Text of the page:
Among the key U.S. institutions involved in “regime change” is the U.S. State Department, the body with the biggest authority, but there is also the United States Southern Command, the Congress and Senate Foreign Affairs Committees, and the CIA. Then further down the food chain, there are USAID, NED, Office for Transition Initiatives, American Center for International Labor Solidarity and American Institute for Free Labor Development, among the most important ones.

They work closely together and in the pursuance of the same aims, with the International Republican Institute, chaired by John McCain of CHECK; the National Democratic Institute, chaired by Madeline Albright; Transparency International; and Centre for International Private Enterprise. They all channel huge sums to support civil (and when possible) military subversion to create the conditions for “regime change”. They also channel huge sums to fund “civil society” associations, political parties, media outfits, NGOs, professional bodies, trades unions, think tanks, business, student groups and so forth.(4)

These institutions are the field commanders that coordinate the national detachments in every target country around a regional perspective so as to maximize the results of every push for “regime change” in any individual Latin American nation. We are increasingly seeing former right-wing Latin American presidents acting jointly to contribute to the destabilization of Bolivarian Venezuela, for instance.

Additionally there is a raft of “private” or “independent” bodies concerned chiefly with Latin America, the most important of which are Inter-American Press Association; Fundacion para el Analisis y los Estudios Sociales – led by Jose Maria Aznar; the Instituto Prensa y Sociedad; hundreds of Think Tanks; and possibly thousands of NGOs that share the “regime change” aim but that do it from a specialist angle. To all of this architecture of U.S. intervention, the overwhelming majority of the world corporate media play a decisive role, making any U.S. led intervention, a lethal political threat to the survival of any “target government”.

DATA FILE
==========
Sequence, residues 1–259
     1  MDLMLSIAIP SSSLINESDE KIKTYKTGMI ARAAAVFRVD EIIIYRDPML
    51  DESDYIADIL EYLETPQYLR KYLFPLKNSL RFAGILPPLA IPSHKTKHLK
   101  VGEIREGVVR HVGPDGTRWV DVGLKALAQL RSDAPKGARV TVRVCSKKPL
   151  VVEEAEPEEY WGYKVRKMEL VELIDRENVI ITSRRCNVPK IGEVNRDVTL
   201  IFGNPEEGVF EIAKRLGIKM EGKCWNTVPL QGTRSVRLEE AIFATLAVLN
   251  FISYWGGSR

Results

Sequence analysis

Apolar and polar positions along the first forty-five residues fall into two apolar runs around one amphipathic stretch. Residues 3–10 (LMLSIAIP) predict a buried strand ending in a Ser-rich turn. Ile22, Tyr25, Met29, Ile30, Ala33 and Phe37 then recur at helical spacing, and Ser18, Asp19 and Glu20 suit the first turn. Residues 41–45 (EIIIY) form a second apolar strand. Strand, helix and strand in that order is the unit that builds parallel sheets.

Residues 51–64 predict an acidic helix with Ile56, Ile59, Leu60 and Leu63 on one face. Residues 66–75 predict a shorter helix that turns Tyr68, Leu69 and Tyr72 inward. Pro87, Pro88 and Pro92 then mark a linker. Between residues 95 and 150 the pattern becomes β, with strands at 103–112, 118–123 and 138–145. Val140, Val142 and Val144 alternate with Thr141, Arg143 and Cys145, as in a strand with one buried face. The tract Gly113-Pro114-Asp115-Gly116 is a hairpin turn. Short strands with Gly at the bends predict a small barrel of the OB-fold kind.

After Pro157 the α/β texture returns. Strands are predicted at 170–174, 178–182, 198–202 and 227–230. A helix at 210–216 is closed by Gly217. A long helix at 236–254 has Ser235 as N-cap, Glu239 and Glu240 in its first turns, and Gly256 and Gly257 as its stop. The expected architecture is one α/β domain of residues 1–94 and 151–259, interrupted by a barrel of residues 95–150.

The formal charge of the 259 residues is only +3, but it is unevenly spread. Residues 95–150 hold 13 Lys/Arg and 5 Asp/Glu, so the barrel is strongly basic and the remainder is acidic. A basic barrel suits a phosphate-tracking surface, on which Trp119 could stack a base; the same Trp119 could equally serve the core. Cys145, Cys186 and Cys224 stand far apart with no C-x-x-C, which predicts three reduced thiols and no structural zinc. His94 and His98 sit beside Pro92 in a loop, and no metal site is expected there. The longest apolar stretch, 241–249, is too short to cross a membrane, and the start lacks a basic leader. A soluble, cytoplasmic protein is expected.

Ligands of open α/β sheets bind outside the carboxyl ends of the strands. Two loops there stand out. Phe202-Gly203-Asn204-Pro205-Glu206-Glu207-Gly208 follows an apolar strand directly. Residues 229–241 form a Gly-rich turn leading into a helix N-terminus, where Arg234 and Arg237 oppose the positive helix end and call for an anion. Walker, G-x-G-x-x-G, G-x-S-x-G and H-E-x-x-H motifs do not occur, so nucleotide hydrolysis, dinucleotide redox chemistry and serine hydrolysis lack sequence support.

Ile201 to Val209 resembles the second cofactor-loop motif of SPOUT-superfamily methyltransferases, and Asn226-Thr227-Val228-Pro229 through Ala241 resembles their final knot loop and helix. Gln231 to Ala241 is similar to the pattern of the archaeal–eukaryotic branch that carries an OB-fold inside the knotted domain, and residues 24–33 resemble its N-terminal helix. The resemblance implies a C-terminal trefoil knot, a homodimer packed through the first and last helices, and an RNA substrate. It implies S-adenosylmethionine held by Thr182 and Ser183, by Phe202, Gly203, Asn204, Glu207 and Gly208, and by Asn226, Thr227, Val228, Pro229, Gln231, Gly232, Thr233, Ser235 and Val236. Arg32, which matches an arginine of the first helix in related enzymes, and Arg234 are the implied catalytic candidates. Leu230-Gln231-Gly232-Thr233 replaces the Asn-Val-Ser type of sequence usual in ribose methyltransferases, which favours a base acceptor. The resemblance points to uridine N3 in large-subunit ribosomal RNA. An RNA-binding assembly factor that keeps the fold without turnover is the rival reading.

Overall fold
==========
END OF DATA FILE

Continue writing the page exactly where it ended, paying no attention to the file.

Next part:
Most progressive governments in Latin America have been or are subjected to systematic levels of traumatic and deliberately created social, economic and political chaos, politics and culture, which in many cases it can go on for years. In Cuba for five decades, in Nicaragua (on and off) nearly four decades and in Venezuela for 17 years thus far, with no end in sight.

Venezuela’s Bolivarian government is currently in the crosshairs of U.S. destabilization plans and “regime change” efforts through an economic war that has the Bolivarian process on the ropes. In Argentina, three years of an intense dirty war against Cristina Fernandez’s government, aspects of which had sinister overtones, paid off when at the November 2015 presidential election, the Right’s candidate, Mauricio Macri, won the election by a small margin of 1 percent. In Ecuador, a police mutiny in September 2010, obviously instigated from abroad and with huge U.S. support, nearly succeeded in ousting the government with with President Rafael Correa miraculously escaping with life.

The destabilization against Ecuador continues with the “revolt” of civil society and very violent street protests. And in Brazil, through a very intense and thoroughly intoxicating media campaign, a “regime change” push seeking to oust the democratically elected and legitimate president Dilma Rousseff is underway, as we write it is not clear whether the effort to oust Dilma will be successful or not.